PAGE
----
Boris Johnson insists he will not ‘bottle it’ on Brexit date
Jeremy Hunt accused his rival of cowardice over a live TV debate.
Boris Johnson has repeated his determination to deliver Brexit by Halloween, in what will be seen as an attempt to refocus attention away from his private life.
The Tory leadership candidate appeared to deliver a retort to his rival to be prime minister as he vowed “we are not going to bottle it” on the EU exit date of October 31.
But Jeremy Hunt called on Mr Johnson not to be a “coward” by avoiding a live TV debate with him this week, as he suggested otherwise he would be “slinking through the back door” of Number 10.
Mr Johnson remains under pressure to explain why police were called to the home he shares with partner Carrie Symonds, but in his column for the Daily Telegraph he attempted to switch attention back to political rather than personal issues.
He wrote: “We must leave the EU on Oct 31 come what may. It will honour the referendum result, it will focus the minds of EU negotiators.”
He added: “It is absolutely vital that we keep our eyes on the prize. It has been a long and parching march – but the oasis is finally in sight.
“We are just over four months away from the date on which, by law, we must leave the EU; and this time we are not going to bottle it. We are not going to fail.
“This time we are not going to shrink in fear from the exit, as we have on the last two occasions.”
Foreign Secretary Mr Hunt has previously attacked Mr Johnson over reports he was “bottling” a live TV debate before postal ballots are returned.
Stepping up pressure on his rival, Mr Hunt insisted that while he has no interest in debating Mr Johnson’s private life, he wants to challenge him on television over his commitment to taking the UK out of the EU by the end of October.
In an article in The Times, Mr Hunt said: “A new prime minister needs the legitimacy of having made his arguments publicly and having them subjected to scrutiny.
“Only then can you walk through the front door of No 10 with your head held high instead of slinking through the back door, which is what Boris appears to want.”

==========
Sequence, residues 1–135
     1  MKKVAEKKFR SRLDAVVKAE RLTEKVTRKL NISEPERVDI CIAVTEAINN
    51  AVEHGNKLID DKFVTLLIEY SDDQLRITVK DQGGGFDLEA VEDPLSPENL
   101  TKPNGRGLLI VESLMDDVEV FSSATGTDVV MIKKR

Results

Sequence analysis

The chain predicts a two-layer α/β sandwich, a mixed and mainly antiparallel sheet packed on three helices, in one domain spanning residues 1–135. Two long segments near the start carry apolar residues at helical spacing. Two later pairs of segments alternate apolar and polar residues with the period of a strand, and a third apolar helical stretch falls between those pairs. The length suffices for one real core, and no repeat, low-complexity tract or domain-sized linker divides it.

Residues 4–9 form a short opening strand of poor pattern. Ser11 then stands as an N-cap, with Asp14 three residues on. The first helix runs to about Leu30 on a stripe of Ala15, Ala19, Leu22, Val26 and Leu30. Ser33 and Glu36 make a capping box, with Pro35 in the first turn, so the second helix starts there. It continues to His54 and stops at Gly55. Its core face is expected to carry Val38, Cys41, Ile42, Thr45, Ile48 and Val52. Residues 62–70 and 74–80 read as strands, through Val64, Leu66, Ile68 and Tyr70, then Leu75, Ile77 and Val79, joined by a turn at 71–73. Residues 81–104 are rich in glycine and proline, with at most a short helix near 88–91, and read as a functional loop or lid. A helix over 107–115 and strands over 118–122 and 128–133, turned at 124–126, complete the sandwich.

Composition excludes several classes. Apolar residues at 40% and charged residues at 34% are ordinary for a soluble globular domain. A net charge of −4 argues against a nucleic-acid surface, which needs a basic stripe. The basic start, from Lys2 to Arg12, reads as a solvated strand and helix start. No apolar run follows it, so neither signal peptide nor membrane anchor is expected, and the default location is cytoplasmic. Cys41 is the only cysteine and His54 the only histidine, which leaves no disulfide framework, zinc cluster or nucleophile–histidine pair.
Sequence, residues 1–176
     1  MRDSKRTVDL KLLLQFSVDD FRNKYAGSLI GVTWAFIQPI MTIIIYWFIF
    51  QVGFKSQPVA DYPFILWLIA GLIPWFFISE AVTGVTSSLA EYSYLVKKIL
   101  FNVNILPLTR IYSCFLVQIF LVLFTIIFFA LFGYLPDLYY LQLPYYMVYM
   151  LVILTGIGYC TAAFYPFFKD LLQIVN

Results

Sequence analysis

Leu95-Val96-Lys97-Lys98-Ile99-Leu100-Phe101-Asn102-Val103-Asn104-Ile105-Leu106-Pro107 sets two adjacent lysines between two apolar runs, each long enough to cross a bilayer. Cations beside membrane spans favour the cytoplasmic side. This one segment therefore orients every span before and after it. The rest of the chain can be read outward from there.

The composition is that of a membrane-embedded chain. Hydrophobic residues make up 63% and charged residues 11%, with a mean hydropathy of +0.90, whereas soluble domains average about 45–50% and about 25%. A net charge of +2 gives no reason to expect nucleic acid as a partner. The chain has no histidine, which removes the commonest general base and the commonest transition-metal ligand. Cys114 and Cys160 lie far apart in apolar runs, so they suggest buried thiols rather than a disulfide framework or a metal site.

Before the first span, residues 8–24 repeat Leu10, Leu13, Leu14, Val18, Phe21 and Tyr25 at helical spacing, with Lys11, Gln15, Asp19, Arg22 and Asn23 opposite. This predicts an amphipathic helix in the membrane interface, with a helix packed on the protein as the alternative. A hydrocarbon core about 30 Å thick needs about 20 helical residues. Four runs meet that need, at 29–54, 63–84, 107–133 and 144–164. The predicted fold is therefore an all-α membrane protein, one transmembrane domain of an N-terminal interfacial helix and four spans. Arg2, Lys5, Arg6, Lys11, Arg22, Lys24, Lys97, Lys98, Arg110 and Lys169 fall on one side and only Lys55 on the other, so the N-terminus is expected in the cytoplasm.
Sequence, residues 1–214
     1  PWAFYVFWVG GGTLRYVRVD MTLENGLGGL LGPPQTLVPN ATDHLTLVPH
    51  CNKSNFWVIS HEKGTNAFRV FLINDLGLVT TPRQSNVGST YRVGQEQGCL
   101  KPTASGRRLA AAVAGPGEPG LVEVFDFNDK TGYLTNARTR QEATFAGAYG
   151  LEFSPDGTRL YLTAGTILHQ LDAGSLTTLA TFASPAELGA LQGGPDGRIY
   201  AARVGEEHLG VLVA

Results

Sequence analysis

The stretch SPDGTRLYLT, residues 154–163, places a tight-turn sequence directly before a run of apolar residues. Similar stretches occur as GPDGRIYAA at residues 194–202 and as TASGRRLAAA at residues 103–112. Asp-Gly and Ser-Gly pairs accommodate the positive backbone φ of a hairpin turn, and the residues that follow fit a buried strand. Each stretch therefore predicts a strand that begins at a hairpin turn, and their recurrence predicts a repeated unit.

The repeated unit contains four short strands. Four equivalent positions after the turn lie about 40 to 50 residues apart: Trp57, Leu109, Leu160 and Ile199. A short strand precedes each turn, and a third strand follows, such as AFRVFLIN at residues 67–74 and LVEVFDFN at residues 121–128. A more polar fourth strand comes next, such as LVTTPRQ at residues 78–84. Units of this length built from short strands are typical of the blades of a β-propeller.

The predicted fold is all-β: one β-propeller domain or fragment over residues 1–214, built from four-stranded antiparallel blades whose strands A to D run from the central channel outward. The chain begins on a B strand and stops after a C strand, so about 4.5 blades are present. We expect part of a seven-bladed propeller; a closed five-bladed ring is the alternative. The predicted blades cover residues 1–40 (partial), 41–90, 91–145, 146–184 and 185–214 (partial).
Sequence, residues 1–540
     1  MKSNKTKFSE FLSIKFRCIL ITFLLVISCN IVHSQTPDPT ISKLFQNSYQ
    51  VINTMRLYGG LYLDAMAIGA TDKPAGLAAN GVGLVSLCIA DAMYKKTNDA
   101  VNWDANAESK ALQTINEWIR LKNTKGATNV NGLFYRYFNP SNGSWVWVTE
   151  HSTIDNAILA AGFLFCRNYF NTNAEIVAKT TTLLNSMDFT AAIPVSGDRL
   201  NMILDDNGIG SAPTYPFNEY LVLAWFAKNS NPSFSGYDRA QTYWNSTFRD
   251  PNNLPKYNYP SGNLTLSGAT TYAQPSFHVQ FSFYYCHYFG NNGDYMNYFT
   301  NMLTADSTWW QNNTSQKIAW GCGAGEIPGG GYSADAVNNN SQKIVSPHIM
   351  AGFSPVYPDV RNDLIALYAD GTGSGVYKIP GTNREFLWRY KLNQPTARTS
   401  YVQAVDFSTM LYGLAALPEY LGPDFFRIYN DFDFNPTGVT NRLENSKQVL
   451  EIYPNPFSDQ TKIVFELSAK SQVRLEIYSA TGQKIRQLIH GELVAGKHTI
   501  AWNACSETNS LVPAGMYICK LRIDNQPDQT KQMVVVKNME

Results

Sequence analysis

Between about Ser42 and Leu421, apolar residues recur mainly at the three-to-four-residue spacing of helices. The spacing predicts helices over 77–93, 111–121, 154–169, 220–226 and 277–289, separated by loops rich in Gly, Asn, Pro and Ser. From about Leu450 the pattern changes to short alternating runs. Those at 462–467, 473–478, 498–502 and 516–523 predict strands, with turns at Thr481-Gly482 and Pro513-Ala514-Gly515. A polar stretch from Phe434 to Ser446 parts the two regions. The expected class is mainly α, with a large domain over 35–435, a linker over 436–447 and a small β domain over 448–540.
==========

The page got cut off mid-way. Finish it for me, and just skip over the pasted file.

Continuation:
He added: “Don’t be a coward Boris, man up and show the nation you can cope with the intense scrutiny the most difficult job in the country will involve.”
Mr Hunt said on Sunday that he thought any candidate for prime minister “should answer questions on everything”.
Hunt supporter and International Trade Secretary Liam Fox signalled it was better for Mr Johnson to be clear about what had happened on Friday while shadow communities secretary Andrew Gwynne said Mr Johnson was “completely unsuitable” to be prime minister after the incident.
Mr Johnson repeatedly refused to explain to Tory grassroots at a Saturday hustings what went on at the south London flat in the early hours of Friday morning, saying the party faithful did not want “to hear about that kind of thing”.
Mr Johnson’s campaign for Number 10 was rocked by the revelations that officers were called to the home he shares with partner Ms Symonds by a neighbour who claimed to have been “frightened and concerned” after hearing shouting, “a loud scream” and banging coming from the property.
A poll carried out after the reports emerged suggested Mr Johnson’s support among Tory voters had dropped by more than half while among the general electorate it indicated he had slipped into second place behind Mr Hunt.
When asked at the hustings about the incident, Mr Johnson said people “are entitled to ask about me and my determination, my character and what I want to do for the country”.
But he would not elaborate on the police visit, preferring to talk about his time as mayor of London instead.
Tory grandee Sir Malcolm Rifkind rejected a suggestion that Mr Johnson should be allowed to draw a distinction between his private and public life and said his refusal to explain the situation with even a short comment was a “lack of judgment”.
On Saturday night, the neighbour who rang the Metropolitan Police went public after suggestions that his recording of the row had been leaked to the Guardian with political intent.
Tom Penn said the allegations were “bizarre and fictitious”, explaining in a statement to the paper that he dialled 999 after hearing shouting coming from his neighbour’s flat.